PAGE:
Are Commodities Suitable for Beginners / New Investors?

I’ve written many articles about commodities and the opportunities for investment in them on Financial Expert. I sometimes even mention the asset class of commodities when writing articles aimed at beginners. But are commodities mutual funds, ETFs, futures contracts and commodity physical holdings suitable for new investors? Are commodities suitable for a beginner who only has 6 months of investment experience?

The straight answer is no, in very few circumstances is it recommended for a beginner to invest in commodities. And here are the reasons why:

Commodities May Not Be Suitable For Beginners or New Investors Because:

1. You’re probably investing based on tips/advice/positive media coverage/historical performance/regret.

These are all very influential when a new investor decides how to construct their portfolio. If you feel like a bit of a beginner, and experts are shouting about how amazing the list of precious metals ETFs are doing right now, it is difficult, nay impossible for a new investor to not feel a little more comfortable in picking gold as part of their portfolio. It’s part of human nature to go along with the crowd and it makes us feel safe. This is why new investors are so vulnerable – because they feel unsafe.

I would prefer if you reacted in the opposite way to such stimuli. I would rather you looked at a graph of smooth and high returns and start worrying. I would prefer it if excessive media coverage put you off from investing in a particular type of asset. If this was your reaction, you wouldn’t have been in tech stocks in the dot com boom.

2. Your portfolio probably isn’t large enough to ‘handle’ commodities

Commodities are volatile instruments and the general consensus appears to be that 5% a sensible maximum asset allocation. If you gain this exposure through one ETF which covers a basket of commodities, you will want to invest at least £1,500 to push commission (and relevant taxes) down to below 1% of your initial purchase. With such a ratio, and the requirement that commodities staybelow 5% of your total assets, you would need a portfolio of £30,000. This is hardly where most investors start at. And this is assuming that you only invest in one fund. If you decided to create a ‘DIY’ commodity position using industrial metals like Copper ETFs, resources like this list of Oil ETFs as well as precious metals such as Palladium ETFs then this would increase your total portfolio requirement even further.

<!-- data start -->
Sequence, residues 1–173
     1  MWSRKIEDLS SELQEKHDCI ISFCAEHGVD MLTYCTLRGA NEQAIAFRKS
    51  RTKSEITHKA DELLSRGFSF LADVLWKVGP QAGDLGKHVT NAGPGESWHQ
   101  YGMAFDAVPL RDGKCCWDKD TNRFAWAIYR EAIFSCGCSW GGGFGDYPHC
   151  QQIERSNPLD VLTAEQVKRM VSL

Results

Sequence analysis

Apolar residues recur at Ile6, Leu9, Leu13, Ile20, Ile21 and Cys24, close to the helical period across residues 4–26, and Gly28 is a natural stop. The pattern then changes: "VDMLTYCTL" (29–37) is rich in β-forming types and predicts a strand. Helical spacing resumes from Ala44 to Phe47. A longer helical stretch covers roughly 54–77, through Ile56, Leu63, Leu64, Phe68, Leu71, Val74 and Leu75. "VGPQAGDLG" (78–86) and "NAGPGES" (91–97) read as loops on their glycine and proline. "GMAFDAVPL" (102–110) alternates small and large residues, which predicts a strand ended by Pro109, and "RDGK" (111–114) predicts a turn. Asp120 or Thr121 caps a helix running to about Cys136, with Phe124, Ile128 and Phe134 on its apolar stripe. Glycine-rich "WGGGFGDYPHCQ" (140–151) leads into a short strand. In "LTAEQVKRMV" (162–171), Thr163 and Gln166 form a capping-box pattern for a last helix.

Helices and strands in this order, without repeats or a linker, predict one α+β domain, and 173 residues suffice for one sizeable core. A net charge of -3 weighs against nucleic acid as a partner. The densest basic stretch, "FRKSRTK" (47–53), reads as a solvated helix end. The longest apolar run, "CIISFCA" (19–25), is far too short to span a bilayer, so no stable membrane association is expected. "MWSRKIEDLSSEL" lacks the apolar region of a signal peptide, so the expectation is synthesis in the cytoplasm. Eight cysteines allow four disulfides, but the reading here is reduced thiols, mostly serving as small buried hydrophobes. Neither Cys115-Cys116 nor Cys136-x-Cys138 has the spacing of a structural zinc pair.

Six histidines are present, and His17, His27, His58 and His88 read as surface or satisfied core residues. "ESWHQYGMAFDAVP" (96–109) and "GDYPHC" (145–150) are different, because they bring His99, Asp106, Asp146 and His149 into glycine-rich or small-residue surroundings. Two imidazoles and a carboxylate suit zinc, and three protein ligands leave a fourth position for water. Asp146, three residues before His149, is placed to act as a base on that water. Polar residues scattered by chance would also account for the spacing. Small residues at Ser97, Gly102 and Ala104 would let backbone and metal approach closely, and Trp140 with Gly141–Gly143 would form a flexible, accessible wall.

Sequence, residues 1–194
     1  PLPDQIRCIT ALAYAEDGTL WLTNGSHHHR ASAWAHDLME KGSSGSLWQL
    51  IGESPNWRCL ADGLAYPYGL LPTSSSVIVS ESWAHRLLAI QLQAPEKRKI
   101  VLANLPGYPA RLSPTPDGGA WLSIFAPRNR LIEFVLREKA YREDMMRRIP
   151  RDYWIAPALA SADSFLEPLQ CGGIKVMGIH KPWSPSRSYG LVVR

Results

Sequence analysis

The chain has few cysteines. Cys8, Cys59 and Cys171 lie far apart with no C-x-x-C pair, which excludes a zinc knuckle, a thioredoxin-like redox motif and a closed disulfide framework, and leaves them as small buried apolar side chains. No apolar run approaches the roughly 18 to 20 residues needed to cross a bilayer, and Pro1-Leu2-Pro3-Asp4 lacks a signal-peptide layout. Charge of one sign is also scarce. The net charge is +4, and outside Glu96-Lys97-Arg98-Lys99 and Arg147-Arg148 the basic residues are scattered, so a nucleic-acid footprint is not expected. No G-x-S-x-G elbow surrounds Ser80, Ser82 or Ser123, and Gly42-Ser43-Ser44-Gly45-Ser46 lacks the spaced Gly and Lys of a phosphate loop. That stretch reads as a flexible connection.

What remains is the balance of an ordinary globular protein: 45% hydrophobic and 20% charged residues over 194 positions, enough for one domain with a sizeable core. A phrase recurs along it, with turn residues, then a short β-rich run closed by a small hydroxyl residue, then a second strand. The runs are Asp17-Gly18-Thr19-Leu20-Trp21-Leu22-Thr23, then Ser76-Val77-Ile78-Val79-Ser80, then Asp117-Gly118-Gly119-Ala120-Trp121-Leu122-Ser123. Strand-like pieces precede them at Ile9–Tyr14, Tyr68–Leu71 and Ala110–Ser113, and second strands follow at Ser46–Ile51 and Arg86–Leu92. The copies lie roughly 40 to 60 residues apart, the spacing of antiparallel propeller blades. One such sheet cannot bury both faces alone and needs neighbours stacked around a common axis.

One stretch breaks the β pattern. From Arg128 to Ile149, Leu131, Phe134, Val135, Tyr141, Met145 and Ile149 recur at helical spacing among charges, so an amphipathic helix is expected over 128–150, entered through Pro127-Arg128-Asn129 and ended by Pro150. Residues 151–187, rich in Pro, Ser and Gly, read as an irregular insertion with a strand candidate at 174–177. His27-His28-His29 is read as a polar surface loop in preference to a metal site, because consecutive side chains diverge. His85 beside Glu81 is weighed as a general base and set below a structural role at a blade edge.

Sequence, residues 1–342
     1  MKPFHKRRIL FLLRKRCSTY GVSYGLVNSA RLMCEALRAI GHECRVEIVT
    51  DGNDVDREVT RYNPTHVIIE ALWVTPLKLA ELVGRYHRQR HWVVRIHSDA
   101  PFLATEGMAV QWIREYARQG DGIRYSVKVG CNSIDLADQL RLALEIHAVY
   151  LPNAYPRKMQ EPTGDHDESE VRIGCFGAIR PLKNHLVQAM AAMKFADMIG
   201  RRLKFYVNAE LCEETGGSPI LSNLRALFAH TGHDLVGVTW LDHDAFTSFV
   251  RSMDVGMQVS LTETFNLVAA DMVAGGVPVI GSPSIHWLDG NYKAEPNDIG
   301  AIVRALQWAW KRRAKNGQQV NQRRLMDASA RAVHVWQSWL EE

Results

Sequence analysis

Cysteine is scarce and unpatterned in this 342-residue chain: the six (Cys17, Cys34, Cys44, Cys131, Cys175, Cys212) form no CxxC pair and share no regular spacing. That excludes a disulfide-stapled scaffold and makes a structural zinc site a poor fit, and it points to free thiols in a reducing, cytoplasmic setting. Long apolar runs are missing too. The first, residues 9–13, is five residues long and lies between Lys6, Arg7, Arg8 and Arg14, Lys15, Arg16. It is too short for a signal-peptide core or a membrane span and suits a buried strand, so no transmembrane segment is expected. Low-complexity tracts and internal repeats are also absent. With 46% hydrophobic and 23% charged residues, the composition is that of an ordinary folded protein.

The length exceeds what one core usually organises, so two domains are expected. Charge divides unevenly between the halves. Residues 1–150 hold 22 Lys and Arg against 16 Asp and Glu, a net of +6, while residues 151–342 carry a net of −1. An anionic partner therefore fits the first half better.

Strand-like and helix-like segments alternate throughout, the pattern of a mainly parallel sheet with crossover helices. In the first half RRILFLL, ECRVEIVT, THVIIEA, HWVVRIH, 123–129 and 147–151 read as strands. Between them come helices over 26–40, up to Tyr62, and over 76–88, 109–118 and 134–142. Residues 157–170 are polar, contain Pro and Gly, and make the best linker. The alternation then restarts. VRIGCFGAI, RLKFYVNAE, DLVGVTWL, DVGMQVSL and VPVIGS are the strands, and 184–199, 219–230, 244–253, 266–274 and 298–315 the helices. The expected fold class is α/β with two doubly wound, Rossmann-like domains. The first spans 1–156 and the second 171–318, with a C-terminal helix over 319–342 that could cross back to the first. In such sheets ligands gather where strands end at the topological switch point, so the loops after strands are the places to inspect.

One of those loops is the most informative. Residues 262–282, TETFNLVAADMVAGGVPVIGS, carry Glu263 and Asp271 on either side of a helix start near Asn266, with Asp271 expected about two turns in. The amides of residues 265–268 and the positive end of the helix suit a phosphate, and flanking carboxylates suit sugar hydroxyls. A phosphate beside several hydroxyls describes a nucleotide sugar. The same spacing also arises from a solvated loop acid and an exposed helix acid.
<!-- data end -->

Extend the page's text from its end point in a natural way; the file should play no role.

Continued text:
The rule is to not include exotic and alternative investments in a portfolio until your assets are large enough such that you can make efficient trades with 3%-5% of your portfolio. By efficient I mean that trading costs are not above 1% of your investment.

3. You may not be including commodities for the right reasons.

Are you including commodities because you firmly believe that in the medium to long term they will produce returns at least on par with equities? If so, I would ask you to reevaluate your investment strategy and understanding of the asset classes. While commodities have produced good returns this decade, there have been periods of 20 years or so where certain commodities have ended lower than they began. Unlike stocks, which represent growing organisations that have the ability to innovate, commodities represent a static object that relies on supply shortages for value, and is vulnerable to improvements in technology and changes in demand. Commodities real value is that they overally have positive expected returns, and at the same time, move with negative correlation to stocks, which is the ‘dream’ of anyone who wants a diversified portfolio.

Each is to their own, as they say. However make no mistake: I recommend that commodities are included within a portfolio to aid the simple science of diversification, not because I think they will actually out-perform stocks.

4. You may not understand the costs, fees and drawbacks of holding commodities.

Commodities investments are the most complicated and hindered investments you can make. You have commodity ETFs that have failed to replicate the spot price. You have spread bets that come with not just financing, but costly holding charges applied on a daily basis. You may decide that the best way to hold gold is to buy gold bullion coins, which will require good knowledge, suitable storage and of course, insurance.  Alternatively you could invest in commodity explorers and miners, however their prices will be affected by risks other than the price of commodities. As you can see, there really is no perfect way to invest in commodities. It is merely a case of investing in the least costly and most appropriate option. Therefore I wouldn’t say commodities are suitable for beginners or new investors, until they fully understood all the routes involved.

To help discover which option is best for you, read our basic guide on How to Invest in Commodities.

Simon OatesAre Commodities Suitable for Beginners / New Investors?